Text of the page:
The National Sleep Foundation has scheduled its annual Drowsy Driving Prevention Week for Nov. 1 to 8, 2020. Residents of Illinois should already know just how dangerous drowsy driving can be. Drowsy drivers triple their chances of a car crash. According to the National Highway Traffic Safety Administration, some 328,000 crashes occur every year in the U.S. because of drowsy driving. An estimated 6,400 of these crashes are fatal.
Drowsy driving can be similar to DUI. Going for over 20 hours without sleep is like having a BAC of .08: in other words, like being legally drunk. Fatigue impairs drivers’ ability to assess risks and react to them in time. Some drivers, unaware of their fatigue, may experience four- to five-second periods of inattention called micro-sleep.
This is where interventions are necessary, especially on the part of parents. Drivers under 25 cause 50% of all drowsy driving crashes, so parents should try to incorporate rules on drowsy driving into their driving agreement with their teenage children. Universities should also create education programs on this trend because university students tend to sleep less than the recommended seven hours every night.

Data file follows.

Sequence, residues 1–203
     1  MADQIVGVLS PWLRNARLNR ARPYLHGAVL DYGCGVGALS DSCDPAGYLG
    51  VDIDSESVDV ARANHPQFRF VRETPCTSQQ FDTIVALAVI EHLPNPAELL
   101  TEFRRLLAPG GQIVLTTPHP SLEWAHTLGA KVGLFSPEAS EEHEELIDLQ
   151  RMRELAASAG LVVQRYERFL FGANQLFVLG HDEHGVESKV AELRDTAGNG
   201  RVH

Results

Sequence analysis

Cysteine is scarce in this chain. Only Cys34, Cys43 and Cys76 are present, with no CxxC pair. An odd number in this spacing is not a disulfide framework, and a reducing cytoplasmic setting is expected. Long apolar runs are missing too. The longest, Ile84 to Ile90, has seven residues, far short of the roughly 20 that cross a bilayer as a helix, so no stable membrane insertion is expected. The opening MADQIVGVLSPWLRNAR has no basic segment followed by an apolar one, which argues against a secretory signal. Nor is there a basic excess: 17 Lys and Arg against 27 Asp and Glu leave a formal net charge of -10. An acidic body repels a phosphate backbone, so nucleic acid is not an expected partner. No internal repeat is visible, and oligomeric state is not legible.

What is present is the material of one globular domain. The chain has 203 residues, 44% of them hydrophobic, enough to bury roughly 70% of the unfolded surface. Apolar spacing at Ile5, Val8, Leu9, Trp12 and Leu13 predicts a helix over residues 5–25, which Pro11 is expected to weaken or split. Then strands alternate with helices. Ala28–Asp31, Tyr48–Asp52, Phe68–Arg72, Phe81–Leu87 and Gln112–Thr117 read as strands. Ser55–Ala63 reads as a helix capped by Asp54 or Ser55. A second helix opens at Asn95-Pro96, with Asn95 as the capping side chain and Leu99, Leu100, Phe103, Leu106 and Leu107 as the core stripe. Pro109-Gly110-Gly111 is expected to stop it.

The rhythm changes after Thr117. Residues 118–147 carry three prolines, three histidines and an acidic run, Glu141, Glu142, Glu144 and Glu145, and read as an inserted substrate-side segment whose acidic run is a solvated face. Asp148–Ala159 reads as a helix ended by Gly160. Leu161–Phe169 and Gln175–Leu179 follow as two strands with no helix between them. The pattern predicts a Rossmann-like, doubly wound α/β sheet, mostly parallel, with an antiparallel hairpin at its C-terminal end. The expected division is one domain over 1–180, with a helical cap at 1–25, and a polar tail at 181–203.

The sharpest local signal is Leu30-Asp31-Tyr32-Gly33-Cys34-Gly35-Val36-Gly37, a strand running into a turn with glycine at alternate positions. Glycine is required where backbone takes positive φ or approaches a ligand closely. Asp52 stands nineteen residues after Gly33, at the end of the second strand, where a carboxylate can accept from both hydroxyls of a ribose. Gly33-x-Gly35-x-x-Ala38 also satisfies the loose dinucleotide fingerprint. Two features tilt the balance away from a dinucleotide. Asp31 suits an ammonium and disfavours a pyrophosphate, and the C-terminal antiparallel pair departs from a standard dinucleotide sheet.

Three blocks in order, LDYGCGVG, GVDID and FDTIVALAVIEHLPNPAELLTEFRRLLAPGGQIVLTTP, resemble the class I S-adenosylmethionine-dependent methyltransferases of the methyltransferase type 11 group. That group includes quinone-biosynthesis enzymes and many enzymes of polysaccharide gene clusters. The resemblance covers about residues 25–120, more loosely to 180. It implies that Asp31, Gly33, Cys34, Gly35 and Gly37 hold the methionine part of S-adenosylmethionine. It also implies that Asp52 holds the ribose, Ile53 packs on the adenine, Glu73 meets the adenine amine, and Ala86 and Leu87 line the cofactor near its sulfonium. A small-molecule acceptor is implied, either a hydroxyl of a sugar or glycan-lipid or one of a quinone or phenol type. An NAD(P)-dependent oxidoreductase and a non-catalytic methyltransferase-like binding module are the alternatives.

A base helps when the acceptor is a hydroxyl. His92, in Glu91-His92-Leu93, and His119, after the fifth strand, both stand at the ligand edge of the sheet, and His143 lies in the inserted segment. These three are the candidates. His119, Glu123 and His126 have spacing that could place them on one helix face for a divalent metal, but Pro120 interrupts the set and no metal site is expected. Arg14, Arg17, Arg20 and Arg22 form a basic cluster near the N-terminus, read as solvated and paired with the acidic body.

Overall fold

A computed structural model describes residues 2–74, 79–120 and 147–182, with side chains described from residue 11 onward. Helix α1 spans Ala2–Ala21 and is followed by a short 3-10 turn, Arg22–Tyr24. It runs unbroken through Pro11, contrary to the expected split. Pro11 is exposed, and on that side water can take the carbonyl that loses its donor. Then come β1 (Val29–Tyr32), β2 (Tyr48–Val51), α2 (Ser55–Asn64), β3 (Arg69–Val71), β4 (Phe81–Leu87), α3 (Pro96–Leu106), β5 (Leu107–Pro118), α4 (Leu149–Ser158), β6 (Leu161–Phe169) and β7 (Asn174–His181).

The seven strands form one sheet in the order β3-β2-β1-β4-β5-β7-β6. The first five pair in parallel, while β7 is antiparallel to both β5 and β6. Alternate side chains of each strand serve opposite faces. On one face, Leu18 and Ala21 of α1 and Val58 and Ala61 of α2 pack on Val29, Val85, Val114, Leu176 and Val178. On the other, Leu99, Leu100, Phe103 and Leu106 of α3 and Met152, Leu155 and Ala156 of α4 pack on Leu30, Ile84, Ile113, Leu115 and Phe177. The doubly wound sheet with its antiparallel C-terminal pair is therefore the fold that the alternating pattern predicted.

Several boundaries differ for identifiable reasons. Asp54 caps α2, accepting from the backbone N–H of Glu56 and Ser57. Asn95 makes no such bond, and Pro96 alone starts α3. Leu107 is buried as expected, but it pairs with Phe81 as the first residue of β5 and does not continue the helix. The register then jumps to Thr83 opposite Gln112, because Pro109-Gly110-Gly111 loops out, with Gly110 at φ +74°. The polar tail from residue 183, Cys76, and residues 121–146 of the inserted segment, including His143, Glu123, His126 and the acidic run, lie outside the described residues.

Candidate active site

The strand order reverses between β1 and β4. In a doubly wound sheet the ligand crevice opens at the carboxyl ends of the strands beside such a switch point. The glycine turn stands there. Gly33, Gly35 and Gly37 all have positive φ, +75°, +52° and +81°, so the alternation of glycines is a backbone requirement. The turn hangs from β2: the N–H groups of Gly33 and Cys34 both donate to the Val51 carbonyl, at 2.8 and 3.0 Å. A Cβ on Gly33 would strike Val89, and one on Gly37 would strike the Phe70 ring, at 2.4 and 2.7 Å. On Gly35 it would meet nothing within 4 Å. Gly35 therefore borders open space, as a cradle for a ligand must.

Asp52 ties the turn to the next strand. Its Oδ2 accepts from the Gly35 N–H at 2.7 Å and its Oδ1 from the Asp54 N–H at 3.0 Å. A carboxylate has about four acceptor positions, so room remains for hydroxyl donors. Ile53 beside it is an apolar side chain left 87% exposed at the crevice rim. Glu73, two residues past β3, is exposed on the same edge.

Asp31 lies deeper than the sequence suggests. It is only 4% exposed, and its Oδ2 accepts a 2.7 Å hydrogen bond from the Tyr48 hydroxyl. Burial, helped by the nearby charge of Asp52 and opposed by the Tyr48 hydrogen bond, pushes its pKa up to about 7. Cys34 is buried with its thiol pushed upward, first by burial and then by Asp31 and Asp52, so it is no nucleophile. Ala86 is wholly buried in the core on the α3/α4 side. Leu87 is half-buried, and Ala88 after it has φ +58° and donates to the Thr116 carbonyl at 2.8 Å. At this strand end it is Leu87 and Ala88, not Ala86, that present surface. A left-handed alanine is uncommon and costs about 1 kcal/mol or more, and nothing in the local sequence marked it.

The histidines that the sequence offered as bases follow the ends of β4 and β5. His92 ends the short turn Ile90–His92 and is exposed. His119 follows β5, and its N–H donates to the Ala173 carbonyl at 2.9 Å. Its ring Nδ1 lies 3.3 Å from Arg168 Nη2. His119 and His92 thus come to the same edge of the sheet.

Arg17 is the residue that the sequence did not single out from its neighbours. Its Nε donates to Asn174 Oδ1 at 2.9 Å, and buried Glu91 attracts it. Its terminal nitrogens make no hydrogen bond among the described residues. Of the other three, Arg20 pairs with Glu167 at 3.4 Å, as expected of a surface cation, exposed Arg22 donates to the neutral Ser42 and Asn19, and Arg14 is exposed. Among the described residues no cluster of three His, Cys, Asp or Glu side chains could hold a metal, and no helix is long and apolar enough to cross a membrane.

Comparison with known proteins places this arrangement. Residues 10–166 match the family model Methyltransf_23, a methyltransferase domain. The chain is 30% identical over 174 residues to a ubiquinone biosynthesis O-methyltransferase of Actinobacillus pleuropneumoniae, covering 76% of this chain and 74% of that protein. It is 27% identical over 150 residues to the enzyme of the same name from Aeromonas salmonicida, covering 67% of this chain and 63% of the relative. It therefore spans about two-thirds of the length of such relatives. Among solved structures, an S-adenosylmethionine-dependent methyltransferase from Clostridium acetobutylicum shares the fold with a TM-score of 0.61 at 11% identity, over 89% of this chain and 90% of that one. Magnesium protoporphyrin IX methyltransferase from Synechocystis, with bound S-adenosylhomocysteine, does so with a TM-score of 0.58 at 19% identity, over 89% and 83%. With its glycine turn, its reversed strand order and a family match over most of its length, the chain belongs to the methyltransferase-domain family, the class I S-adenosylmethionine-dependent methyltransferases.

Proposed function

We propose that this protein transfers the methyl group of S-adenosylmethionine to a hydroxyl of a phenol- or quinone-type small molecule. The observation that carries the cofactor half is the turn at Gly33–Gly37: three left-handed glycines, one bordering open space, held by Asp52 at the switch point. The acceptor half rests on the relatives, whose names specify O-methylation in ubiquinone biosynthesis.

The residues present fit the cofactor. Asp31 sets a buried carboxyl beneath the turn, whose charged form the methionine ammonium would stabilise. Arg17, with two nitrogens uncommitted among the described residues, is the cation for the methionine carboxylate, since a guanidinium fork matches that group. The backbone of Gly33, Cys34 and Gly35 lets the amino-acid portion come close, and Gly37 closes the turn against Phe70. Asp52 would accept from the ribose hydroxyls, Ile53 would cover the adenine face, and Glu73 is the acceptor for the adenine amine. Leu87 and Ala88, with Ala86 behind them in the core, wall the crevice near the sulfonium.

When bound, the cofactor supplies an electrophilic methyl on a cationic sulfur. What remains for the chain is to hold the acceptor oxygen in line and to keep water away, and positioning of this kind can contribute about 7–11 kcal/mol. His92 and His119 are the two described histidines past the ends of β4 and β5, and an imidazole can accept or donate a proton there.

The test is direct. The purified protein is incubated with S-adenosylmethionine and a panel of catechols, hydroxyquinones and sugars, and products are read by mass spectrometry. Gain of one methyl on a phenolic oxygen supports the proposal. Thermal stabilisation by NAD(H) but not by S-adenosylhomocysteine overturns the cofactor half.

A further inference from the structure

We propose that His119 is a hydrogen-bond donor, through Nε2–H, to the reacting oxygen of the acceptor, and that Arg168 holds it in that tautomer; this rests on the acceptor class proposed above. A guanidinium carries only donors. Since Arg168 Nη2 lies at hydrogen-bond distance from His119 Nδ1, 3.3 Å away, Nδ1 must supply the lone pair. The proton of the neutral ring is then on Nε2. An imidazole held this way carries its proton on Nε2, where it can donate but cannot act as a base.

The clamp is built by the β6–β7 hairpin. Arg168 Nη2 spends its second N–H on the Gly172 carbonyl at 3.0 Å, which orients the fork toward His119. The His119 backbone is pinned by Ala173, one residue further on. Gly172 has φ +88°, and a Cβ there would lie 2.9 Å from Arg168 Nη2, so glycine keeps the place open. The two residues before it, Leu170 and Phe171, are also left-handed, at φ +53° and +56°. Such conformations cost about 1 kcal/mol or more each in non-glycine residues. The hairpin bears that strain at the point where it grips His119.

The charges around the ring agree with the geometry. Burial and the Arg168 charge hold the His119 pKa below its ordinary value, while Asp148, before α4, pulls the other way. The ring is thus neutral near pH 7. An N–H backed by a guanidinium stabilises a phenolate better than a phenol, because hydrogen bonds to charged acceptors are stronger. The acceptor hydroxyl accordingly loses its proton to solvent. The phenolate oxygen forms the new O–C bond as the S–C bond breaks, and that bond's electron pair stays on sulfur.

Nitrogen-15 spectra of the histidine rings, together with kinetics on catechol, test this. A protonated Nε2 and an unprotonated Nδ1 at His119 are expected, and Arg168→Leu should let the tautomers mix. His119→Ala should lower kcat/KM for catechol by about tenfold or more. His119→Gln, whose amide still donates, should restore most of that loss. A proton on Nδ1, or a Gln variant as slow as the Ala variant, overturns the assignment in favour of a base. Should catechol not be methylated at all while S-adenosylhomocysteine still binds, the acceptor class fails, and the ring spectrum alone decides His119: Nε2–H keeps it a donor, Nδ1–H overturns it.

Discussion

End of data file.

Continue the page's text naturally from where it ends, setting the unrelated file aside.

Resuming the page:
Employers are encouraged to have off-the-job safety programs in place for employees. Lastly, medication users may be more likely to avoid drowsy driving if labels were clearer about side effects.
It’s all up to the drivers themselves whether they want to go out when they are clearly tired. Drowsy driving is negligent behavior and has formed the basis for many personal injury claims on the part of those who are injured in a crash. Victims who are wondering if they have a valid case may want to discuss their situation with an attorney.